Syncing Motors (was Re: new coil specs)

Hi Stan, Grayson,

Comments interspersed.

> Original Poster: Grayson B Dietrich <electrofire-at-juno-dot-com>
> Since in the conversion, a good deal of that hp will be lost.

This is more or less really due to the fact that normal
induction motors rely on the "slip" difference between
mains frequency and rpms. A normal, unmodified
induction motor possess a great amount of torque,
due to this slip phenomenon (even at start up). The
greater the difference between rotational speed and
mains frequency, the greater the resulting torque is
(all else being equal). This is why induction motors
are esp. good in applications, which require a high
amount of torque during start-up. As such a motor
doesnīt posses any sort of poles, it canīt sync into
an exact position, which makes it undesirable for
"pacemaker" (fragile) xformers (like NSTs). Although
a VERY lightly loaded (unmodified) induction motor
can indeed actually sync into the mains frequency (but
it will NEVER sync into the same position each time)

> And the modification:
> After removing the rotor, there will be a fairly large, regular
> cylndrical section that is normally in close proximity to the coils
> withing the motor case. This is what needs to have four "flats"
>machined into it. I used a mill to cut them, but a lot of people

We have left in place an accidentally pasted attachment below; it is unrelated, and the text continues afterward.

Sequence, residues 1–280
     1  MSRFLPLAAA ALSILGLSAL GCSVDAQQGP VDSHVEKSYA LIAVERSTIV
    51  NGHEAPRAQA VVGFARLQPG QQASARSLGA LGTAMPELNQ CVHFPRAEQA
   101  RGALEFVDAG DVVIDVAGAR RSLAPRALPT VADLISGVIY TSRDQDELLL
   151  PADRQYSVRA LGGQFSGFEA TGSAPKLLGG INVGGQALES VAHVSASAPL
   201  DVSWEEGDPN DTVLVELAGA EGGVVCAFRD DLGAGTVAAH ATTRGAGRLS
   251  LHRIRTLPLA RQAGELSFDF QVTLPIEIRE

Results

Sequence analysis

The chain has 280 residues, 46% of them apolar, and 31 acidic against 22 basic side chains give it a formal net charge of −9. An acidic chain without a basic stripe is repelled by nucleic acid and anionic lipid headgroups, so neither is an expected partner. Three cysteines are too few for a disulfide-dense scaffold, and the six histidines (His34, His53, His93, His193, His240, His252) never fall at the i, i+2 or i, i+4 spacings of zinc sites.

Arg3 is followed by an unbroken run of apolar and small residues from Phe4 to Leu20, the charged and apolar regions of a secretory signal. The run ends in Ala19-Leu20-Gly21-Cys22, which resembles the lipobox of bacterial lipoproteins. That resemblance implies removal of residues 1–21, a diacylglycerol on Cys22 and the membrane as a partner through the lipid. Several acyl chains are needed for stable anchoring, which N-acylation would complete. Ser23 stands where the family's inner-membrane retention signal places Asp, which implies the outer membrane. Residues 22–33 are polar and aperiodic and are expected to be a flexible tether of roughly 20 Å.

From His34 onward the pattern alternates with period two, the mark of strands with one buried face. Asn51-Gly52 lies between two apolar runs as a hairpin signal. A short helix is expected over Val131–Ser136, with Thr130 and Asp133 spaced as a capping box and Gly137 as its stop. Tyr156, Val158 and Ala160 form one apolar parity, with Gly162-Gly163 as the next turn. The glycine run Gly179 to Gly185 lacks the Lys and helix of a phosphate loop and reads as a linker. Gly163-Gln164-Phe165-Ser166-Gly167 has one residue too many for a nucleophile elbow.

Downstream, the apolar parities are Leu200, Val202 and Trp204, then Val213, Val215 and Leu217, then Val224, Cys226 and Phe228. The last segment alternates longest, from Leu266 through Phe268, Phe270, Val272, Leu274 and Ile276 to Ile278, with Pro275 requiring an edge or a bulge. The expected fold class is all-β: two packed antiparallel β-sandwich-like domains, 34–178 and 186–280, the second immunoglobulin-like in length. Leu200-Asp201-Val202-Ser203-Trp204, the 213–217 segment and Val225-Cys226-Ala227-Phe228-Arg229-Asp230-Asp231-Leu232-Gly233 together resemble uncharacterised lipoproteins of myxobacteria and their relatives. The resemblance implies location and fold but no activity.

>The material is mostly aluminum, so it will be easy to machine.
>four flats, evenly spaced around the curved surface of the cylinder,
>should be cut about 1/16" to 1/8" in depth. This means that four
>lengthwise flat  sections will be filed into the rotor, with 1/16" to
>1/8" of material removed. light colored bands of metal will be
>seen at an angle after the top payer of the rotor is filed off. Try
>not to cut completely through any of them.

Whoah! Stop. This may be true for your motor, but cannot be
universally true. The number of flats depend on the motor
speed. For a 3450 (modified: 3600) rpm motor you only need
two flats. The depth of the flats is more or less given by design.
You will need to measure the exact width of the dead poles
(center to center).These are the poles through which ONLY the
start windings or NO windings at all run.

Using a mill (for best balancing) you want to mill 4 flats at 90°
(or 2 at 180° for 3600 rpm motors) that are exactly as wide as
these dead poles are. Since you are milling a flat of given width
on a round surface, the depth of the cut is automatically pre-
defined. More material is removed from the center of the flat
and less from the left/right ends of flat. What you are essentially
doing is creating "physical" poles, which will sync to the magnetic
field that the mains create in the run windings.

There will no longer be any slip between mains frequency and
rotational speed, which is why these motors donīt have a great
amount of torque, once they achieve their "new" top speed.

Coiler greets from Germany,